I had the honor this weekend of seeing Les Blank's superb film which title I cannot name. A legal falling out with the musician who's the subject of the film means that the film can only be shown when Blank is present, and without publicizing the title nor subject. Weird, huh. But the upshot of that for me was, I got to chat with the filmmaker after the screening. Woot!
Les Blank is one of my creative heroes, and in the ensuing days since the screening and our chat, I've been thinking a lot about that movie, and about what I learned from watching Blank's films when I was a young artist finding my voice. I'd hold my own personal Les Blank film festivals, watching everything I could get my hands on at the library until I got tired of it - such luxury as that is.
One of the convictions his work gave me is about the importance of place. Every one of Blank's films contains this element. "Burden of Dreams" couldn't exist without it. "Garlic is as Good as Ten Mothers" wanders around exploring the lore of garlic in the various places it's used or found. And with lots of good music along the way.
Another thing I gained, though I've only just been able to put my finger on it in the last couple of days, is the understanding that you can make art about the things you notice when you glance over your shoulder - something that catches your eye in the margins. Blank masters this. The film I saw Saturday night is centered around it. Prior to the screening, Blank told us that in the midst of shooting the film, the musician stopped wanting to be interviewed. And so Blank had to figure out what to do to make his movie.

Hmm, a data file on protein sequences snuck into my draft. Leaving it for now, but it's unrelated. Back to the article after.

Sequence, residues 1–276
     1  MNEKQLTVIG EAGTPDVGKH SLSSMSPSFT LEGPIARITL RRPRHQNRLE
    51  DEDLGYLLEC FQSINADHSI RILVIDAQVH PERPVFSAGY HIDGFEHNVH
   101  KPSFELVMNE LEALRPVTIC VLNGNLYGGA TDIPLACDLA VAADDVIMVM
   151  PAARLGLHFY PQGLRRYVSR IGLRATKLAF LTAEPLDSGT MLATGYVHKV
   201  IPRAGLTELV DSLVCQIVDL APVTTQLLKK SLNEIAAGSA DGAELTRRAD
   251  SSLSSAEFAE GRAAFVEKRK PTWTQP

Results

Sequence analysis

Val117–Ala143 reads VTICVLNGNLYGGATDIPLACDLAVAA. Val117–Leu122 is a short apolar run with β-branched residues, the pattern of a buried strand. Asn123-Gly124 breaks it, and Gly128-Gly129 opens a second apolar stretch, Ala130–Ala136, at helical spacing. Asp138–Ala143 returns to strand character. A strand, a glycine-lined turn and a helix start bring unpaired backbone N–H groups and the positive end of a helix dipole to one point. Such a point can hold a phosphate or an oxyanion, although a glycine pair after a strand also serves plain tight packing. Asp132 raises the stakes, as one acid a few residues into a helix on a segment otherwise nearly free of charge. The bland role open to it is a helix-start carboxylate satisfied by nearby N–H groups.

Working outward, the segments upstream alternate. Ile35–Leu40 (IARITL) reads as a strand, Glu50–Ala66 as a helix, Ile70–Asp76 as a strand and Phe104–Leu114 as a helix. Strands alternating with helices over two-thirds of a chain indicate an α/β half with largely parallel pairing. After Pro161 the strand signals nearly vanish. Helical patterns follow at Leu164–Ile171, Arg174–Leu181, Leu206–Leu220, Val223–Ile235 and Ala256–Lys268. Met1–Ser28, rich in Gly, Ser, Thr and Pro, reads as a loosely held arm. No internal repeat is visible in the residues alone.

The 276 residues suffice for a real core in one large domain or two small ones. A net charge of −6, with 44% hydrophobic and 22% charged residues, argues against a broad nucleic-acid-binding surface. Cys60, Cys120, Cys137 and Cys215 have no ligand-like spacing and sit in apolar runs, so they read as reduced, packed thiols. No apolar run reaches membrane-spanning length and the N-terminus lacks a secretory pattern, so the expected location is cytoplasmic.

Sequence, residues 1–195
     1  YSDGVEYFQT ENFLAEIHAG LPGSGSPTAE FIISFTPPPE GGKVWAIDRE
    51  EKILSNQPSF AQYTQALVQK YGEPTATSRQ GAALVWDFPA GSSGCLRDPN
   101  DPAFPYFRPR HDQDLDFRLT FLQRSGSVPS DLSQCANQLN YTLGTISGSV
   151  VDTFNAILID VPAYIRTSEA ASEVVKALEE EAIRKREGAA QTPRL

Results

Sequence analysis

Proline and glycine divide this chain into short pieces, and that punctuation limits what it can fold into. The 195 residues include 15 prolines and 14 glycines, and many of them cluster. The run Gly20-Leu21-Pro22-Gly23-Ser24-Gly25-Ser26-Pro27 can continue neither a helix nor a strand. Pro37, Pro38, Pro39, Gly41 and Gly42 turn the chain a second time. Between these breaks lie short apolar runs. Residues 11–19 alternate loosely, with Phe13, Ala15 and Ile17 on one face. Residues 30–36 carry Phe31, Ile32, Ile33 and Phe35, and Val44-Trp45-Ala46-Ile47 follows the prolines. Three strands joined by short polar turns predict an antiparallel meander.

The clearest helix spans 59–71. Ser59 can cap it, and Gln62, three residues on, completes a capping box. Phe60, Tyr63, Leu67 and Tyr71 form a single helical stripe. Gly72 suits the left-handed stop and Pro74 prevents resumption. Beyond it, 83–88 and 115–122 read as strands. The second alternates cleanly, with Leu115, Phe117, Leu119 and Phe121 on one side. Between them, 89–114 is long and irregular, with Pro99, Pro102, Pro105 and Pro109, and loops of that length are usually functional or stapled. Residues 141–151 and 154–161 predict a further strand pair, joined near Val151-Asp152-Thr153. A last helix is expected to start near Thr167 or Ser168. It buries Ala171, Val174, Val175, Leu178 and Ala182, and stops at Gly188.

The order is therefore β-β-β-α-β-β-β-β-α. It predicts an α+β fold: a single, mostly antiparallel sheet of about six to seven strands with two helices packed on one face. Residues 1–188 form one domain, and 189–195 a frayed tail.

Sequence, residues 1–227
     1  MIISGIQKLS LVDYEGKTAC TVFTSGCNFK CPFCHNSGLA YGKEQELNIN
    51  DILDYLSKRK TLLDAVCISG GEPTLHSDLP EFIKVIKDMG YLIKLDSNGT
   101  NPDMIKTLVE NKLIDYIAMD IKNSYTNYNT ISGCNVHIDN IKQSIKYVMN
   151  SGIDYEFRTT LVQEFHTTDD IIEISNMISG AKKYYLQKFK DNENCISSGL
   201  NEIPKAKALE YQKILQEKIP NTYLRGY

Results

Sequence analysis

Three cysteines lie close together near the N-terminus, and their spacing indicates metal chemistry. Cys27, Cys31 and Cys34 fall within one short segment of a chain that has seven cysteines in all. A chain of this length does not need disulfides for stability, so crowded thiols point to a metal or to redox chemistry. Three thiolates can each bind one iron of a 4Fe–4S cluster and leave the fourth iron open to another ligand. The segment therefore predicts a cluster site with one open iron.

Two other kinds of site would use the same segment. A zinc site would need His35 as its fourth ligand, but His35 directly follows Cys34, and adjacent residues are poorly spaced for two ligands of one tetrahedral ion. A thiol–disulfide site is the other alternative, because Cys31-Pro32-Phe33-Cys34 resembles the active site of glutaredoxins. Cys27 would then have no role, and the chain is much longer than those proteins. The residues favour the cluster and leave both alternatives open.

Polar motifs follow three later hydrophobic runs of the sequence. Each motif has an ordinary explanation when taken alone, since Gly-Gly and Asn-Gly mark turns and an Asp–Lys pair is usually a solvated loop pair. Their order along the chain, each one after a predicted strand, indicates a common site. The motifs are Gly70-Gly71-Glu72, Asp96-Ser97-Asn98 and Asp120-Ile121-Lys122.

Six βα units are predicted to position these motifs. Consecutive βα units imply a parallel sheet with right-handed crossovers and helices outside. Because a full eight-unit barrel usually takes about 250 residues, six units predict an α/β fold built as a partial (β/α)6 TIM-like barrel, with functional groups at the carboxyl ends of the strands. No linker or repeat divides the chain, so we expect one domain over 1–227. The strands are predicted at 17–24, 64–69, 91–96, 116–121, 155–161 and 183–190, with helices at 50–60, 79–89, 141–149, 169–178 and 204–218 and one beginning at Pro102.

When the central subject moves aside, where do you go? You go all around him. And so, this film contains all the wondrous life swirling around the musician; in his hometown of Tulsa and beyond. All the musicians and snake charmers and groupies and artists of every stripe. There's a tractor pull and a guy who eats his glass after making a toast (seriously, he chews and swallows it), and a Sunday revival, and a fantastic swimming pool hand painted with ocean creatures after all the scorpions have been carefully scooped out by the painter walking around in bare feet and a mason jar picking them each carefully up.
And so, a little bit of a groupie myself, I got to thank Les Blank for making his work. And he politely said you're welcome. And we smiled peaceably at each other at the close of a fantastic evening.